Negligence can come in many forms. You may think of negligence as incompetence or an unwillingness to perform one’s duties. But by its raw definition, negligence from a personal injury standpoint is a matter of carelessness. As it relates to property safety, negligence may look like avoidance or general inaction. Simply put, a person is negligent when she or he fails to reasonably perform duties for which they are responsible.
Even if they did not know about the dangerous condition, an owner may be responsible for an injury on their property if they should have known about the dangerous condition. If the condition existed for a long time, for example, but the owner never checked the condition of the property, the owner can be held responsible just as if the condition was known but nothing was done to fix it. So, the responsibility for a dangerous condition on a New York property will likely fall on the property owner. Of course, the answer is not always so simple.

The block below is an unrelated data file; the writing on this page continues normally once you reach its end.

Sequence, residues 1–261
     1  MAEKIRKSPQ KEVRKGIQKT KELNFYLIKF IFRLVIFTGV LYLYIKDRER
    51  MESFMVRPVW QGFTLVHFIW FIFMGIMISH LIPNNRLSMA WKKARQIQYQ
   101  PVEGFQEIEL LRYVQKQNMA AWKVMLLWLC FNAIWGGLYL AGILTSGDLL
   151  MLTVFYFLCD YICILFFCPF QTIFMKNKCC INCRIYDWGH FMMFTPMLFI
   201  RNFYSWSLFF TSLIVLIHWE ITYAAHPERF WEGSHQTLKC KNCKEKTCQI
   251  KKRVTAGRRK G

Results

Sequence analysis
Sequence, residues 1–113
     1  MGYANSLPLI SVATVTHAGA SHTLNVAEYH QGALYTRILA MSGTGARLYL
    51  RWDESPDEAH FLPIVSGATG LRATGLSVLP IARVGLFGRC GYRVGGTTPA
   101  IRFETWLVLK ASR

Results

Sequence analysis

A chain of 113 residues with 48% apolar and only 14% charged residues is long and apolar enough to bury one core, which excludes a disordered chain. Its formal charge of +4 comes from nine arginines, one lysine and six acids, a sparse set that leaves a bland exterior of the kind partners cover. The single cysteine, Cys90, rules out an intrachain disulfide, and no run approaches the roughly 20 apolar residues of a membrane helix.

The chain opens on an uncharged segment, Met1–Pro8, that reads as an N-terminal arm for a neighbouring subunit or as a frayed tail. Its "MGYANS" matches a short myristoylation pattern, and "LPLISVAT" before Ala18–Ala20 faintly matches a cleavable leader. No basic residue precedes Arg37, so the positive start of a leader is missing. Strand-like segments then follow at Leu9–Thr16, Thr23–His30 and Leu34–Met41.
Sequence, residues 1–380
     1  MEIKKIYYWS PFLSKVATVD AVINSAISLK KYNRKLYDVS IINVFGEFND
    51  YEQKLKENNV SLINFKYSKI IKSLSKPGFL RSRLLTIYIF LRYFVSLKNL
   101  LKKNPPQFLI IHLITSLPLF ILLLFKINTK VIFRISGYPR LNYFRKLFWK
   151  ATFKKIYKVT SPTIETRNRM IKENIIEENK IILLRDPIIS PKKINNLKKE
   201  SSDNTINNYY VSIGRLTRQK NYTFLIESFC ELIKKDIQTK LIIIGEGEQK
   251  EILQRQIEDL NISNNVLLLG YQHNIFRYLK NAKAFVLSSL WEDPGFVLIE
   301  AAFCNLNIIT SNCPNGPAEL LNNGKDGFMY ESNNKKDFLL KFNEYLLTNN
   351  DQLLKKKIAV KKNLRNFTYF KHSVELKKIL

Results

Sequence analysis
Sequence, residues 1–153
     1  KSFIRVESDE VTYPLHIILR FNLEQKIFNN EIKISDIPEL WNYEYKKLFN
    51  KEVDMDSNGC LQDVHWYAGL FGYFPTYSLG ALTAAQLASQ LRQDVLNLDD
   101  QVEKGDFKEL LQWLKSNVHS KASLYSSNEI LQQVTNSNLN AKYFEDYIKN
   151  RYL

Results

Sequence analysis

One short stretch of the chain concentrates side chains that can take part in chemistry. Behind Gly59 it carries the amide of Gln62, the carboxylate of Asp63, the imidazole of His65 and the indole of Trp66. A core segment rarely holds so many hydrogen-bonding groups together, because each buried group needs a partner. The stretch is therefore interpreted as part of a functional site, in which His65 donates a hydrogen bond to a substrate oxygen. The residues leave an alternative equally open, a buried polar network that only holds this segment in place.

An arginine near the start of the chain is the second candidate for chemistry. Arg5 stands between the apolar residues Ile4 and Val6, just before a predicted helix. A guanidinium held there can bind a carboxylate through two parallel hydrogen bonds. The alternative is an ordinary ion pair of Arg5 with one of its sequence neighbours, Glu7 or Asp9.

Potential Complications In A Premises Liability Injury Claim
There are some factors that could alter the course of premises liability. When you invite someone onto your property, you are making an implied promise that the property is safe. If a person is trespassing, however, there is no implied promise of safety because you did not invite the trespasser.
Another element a court may consider when determining liability is the actions of the owner and visitor. They may factor in the ways in which the property is used and the foreseeability of the accident. Furthermore, an owner may make efforts to repair potentially dangerous conditions, or at least caution guests about the condition. The court may examine evidence and consider: How reasonable were these efforts to repair or warn?
Every case brings its own unique complications. Matters of responsibility for the condition of property can seem straightforward, but still, these injury claims require informed guidance. Speak with an attorney to learn more about New York liability and injury laws and how they may affect your case.
The answer is intended to be for informational purposes only. It should not be relied on as legal advice, nor construed as a form of attorney-client relationship.
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